now i wake up, i go to work, i hang out with friends, i go to bed with some type of variation on these simple themes. ok, maybe our guards beat a snake to death in our front yard, and yes, we have bats in our ceiling. oh, did i mention the termites... again. but other than that, life seems oddly and comfortably normal.

ann and i did host a wonderful african dance workshop at our house last weekend. i think that i have mentioned co-teaching an african dance class in lilongwe (i still cannot say that with a straight face!) with Shombi, and his group of 12 came to our house and led a workshop with about 8 of our friends. it was a beautiful exchange, not to mention the perfect day outside!

so please don't find me boring. i will try to eat something gross in the next few weeks to spice it up for you! keep you coming back. until then.....

ps - isn't my yard so beautiful!

Monday, April 16, 2007

Home sweet home

it did not hit me, until i was in namibia, how much i truly needed a vacation. i slept on the flight to Namibia (and for those of you who know my phobia, you know how tough that is!), then slept the entire 8 hour minibus to the north, and then slept 9-11 hours per night for my first week there. i feel so much better.

the entire trip was fantastic. i was really touched to see everyone, and to know that although it has been some time, they still care alot for me. a few people had been touched by hardship over the past few years, but overall, the news and updates were full of joy. people seemed happy and generally healthy.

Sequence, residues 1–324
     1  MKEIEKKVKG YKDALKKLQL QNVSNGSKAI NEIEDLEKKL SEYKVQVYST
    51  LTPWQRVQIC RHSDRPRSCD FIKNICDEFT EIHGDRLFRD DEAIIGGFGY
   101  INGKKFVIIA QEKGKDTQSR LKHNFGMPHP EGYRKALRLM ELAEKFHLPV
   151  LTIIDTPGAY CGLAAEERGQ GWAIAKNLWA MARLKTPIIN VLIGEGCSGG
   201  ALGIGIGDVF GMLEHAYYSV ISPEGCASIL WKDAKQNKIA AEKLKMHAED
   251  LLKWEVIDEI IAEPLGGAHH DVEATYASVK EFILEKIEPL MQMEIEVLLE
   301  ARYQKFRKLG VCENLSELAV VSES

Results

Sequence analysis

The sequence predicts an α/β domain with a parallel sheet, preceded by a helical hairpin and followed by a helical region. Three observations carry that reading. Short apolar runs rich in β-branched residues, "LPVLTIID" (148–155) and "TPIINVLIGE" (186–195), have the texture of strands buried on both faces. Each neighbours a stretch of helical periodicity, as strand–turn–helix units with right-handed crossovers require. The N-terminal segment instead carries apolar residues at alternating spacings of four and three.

and i guess the same could be said for me, at least so everyone said. "oh, nelago, you are soooo fat." "meme, you must be very happy in malawi, because you are soooo fat." "nelly, i know that you are in there somewhere." a whole range of creative ways to tell me that, alas, i am no longer the fit 23 year old, but the "happy" (and healthy!) 30 year old.

seven months into malawi, and i LOVE being here. i love my work. i love my colleagues and friends. i love the weather. ok, the bugs and funky diseases stink. but ignoring that, this place is fantastic. but it is not home. it is confusing and overwhelming and sometimes isolating. i think that it is 40% the amount of time i spend working, 40% the general isolation i have from the "village" experience of peace corps and 40% the fact that i have been here less than a year. (hehe, i like numbers). but it is not home. not yet. not ever(?).